Boeing’s 787 Dreamliner headlined two significant events over the weekend, continuing to move the aviation industry forward. The first 787-10 delivery occurred in Charleston with Singapore Airlines taking ownership of the aircraft. On the other side of the globe a 787-9 departed Perth and arrived in London, launching scheduled nonstop commercial service between the continents for the first time.
Non-stop ‘Roo Route
The 17ish hour nonstop service between Perth and London is the epitome of the “long, thin route” concept that Boeing used to sell its 787 Dreamliner airplanes. It is also historical in terms of connecting Australia and Europe, though it is not the first time a plane flew nonstop between the two. The first Qantas 747-400 delivery flight flew from London to Sydney nonstop but was not scheduled service and the feat would not be repeated. Plus, the eastbound trip is easier with the prevailing winds.
The Qantas Dreamliner to make the maiden journey from #Perth to #London is VH-ZND with Captain Lisa Norman, Captain Jeff Foote, First Officer Dave Summergreene and Second Officer Troy Lane. pic.twitter.com/tgM3Wl93EQ
— Qantas (@Qantas) March 24, 2018
In this case Qantas is also providing some connecting traffic at Perth to help fill the plane. Still, the overall goal is to move passengers more efficiently between London and Australia. There is also potential for a Paris-Perth route launch later this year, though confirmation of that rumor remains lacking.
It is worth noting that this new route ranks among the longest but doesn’t take the top spot. There are several ways to spend that much time on an airplane if you so desire. The “flash” is about connecting Europe and Australia by overflying the connecting hubs in Asia. And the economics of that operation remain uncertain.
#QF9 (Perth-London) is now flying over Dubai.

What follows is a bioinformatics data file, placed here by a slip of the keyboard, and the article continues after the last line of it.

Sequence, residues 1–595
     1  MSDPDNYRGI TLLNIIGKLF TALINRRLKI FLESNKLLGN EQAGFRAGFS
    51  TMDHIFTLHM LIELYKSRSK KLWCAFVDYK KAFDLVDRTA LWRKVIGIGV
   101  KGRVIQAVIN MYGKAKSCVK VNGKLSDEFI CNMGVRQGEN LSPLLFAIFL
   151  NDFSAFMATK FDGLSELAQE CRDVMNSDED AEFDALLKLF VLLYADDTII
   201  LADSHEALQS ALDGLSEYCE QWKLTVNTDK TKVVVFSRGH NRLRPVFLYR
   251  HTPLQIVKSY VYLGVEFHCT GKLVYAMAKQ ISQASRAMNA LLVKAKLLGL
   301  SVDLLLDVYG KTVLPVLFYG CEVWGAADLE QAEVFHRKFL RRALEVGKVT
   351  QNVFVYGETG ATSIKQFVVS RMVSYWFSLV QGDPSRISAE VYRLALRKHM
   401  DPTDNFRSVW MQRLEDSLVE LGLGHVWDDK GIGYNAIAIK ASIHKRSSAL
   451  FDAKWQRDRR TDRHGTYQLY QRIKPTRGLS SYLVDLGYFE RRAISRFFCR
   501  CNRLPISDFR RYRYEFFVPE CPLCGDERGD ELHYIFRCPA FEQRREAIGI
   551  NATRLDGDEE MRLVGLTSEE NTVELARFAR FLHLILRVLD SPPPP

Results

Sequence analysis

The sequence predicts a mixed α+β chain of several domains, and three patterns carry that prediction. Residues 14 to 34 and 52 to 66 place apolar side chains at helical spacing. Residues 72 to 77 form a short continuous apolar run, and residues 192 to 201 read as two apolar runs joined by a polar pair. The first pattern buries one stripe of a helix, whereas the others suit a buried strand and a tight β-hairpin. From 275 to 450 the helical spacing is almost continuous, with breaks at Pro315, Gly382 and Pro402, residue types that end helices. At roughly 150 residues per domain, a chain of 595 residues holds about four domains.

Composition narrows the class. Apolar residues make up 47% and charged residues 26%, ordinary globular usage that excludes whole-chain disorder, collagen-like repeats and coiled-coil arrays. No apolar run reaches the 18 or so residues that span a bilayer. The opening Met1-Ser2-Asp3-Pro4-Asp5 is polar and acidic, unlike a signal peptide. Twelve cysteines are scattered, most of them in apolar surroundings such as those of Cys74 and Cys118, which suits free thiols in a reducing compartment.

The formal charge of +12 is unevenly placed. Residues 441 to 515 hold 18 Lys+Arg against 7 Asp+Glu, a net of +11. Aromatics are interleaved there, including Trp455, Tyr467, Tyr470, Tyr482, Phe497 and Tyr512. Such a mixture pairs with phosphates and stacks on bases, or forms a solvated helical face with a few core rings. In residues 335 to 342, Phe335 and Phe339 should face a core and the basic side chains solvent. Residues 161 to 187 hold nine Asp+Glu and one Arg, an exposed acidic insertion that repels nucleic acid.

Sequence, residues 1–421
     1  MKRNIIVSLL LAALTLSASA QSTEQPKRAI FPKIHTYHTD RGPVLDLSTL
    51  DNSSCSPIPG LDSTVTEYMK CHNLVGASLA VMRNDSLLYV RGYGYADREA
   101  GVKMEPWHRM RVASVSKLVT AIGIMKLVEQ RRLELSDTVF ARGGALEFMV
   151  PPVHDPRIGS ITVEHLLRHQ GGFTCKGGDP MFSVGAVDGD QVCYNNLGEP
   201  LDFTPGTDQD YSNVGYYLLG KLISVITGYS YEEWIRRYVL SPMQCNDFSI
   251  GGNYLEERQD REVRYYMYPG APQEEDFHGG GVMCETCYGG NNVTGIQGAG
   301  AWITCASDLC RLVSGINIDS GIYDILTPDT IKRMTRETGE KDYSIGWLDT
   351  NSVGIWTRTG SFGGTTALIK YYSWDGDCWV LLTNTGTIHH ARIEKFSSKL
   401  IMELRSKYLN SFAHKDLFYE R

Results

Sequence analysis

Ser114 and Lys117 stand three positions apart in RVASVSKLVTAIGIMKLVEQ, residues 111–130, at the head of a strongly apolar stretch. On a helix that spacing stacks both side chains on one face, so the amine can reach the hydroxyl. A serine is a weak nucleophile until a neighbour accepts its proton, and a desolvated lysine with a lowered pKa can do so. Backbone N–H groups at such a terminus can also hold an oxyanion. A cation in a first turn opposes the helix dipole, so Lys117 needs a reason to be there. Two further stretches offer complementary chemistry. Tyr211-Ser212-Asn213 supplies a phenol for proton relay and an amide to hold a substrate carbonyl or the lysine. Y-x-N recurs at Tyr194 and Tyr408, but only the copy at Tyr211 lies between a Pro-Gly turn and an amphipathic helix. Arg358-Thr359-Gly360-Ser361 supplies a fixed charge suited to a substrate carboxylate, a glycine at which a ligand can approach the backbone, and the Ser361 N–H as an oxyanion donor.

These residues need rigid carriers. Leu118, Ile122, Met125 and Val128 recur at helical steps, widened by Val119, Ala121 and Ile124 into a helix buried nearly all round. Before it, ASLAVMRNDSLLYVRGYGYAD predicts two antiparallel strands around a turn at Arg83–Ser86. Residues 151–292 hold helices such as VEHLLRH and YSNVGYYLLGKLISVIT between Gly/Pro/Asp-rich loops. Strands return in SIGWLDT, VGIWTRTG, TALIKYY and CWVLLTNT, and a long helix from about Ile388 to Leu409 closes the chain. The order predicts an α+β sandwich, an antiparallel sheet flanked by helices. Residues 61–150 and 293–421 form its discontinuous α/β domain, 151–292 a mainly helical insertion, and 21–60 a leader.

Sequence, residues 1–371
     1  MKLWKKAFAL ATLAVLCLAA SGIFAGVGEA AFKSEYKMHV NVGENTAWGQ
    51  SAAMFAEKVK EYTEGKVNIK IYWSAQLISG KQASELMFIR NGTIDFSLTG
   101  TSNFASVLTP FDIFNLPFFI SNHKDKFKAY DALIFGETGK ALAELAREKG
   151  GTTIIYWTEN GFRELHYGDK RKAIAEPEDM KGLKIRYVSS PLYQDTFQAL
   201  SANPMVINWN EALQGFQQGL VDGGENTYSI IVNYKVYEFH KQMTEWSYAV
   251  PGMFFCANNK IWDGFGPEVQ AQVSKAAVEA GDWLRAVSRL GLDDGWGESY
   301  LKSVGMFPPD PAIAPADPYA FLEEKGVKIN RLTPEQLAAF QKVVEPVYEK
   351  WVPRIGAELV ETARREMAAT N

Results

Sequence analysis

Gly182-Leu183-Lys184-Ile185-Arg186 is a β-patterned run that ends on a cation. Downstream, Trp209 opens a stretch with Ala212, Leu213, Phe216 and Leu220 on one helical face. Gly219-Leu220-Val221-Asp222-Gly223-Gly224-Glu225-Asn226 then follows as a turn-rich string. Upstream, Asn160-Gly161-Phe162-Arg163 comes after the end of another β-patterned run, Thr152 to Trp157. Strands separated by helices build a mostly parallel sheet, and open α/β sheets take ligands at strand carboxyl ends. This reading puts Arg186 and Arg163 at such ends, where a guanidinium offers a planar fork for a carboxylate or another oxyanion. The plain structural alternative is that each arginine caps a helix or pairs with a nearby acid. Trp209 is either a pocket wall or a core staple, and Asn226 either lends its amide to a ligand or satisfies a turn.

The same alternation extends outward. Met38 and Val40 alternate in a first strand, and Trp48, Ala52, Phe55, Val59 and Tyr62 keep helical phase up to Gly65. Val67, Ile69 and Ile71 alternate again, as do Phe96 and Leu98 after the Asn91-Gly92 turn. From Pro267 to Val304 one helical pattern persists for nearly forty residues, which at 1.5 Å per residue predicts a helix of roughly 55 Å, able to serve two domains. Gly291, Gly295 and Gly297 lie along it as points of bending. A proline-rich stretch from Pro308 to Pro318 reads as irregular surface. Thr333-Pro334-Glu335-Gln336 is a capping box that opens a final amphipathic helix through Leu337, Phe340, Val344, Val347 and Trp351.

If you would be flying on #EK421 or #EK425 you would need to land, change flight and refuel in order to continue to London, but not #QF9, it will keep flying for another 7 hours.https://t.co/3HR7rooxbk pic.twitter.com/LRhPmr5tIh
— Flightradar24 (@flightradar24) March 24, 2018
For travel to and from the major Australian cities on the east coast a connection remains necessary somewhere along the way. Whether that’s a domestic hop to Perth That’s another 5 hours from Sydney, making the total travel time near 24 hours with the connection layover on the best timed schedule. Connecting via Singapore, Hong Kong, Dubai or Doha all yield similar travel times, with the trip split more evenly. That may make it harder for Qantas to drive the yield premiums it needs to justify operating the ultra long haul flight.
The –10 Delivered
The 787 family is now complete, thanks to the delivery of the first 787-10 to launch customer Singapore Airlines. The multi-day celebration in Charleston culminated with a delivery flight to Singapore via Osaka. Conveniently Osaka will be one of the first destinations to which Singapore Airlines flies the 787-10, joined by Perth later this Spring.
— Dennis A. Muilenburg (@BoeingCEO) March 26, 2018
The –10 is the longest of the 787 variants, some 18 feet longer than the –9. That translates to roughly 40 more seats on board in a typical configuration. Singapore Airlines will use it for “regional” service which covers most of Asia, operating in a two-class layout; no first class suites for the shorter haul flights.
Singapore Airlines is betting big on the –10 for its future operations; the carrier holds orders for 48 more of the type. Its order book represents nearly 30% of the 171 787-10s Boeing sold so far. The planes will replace the A330-300 fleet (currently 22 in operation) and grow the overall aircraft count for the company, allowing for expansion into new markets. The 787-10s carry 337 passengers in the Singapore Airlines configuration (36J/301Y) compared to 285 (30/255) on the A330s. That means a significant capacity boost on the individual routes in addition to the increase in total aircraft in the carrier’s fleet. The A350-900 will also be a significant player in the future fleet, delivering longer range with lower passenger capacity.
The delivery from Charleston is also special, marking the first all-Boeing designed aircraft not delivered from the Seattle area. The 717 delivery from Long Beach, California was mostly a McDonnell-Douglas design. The -10 is built only in Charleston, ostensibly owing to the size of the aircraft and limitations of the assembly line in Everett. The part where the Charleston employees are not unionized also plays in to that decision.
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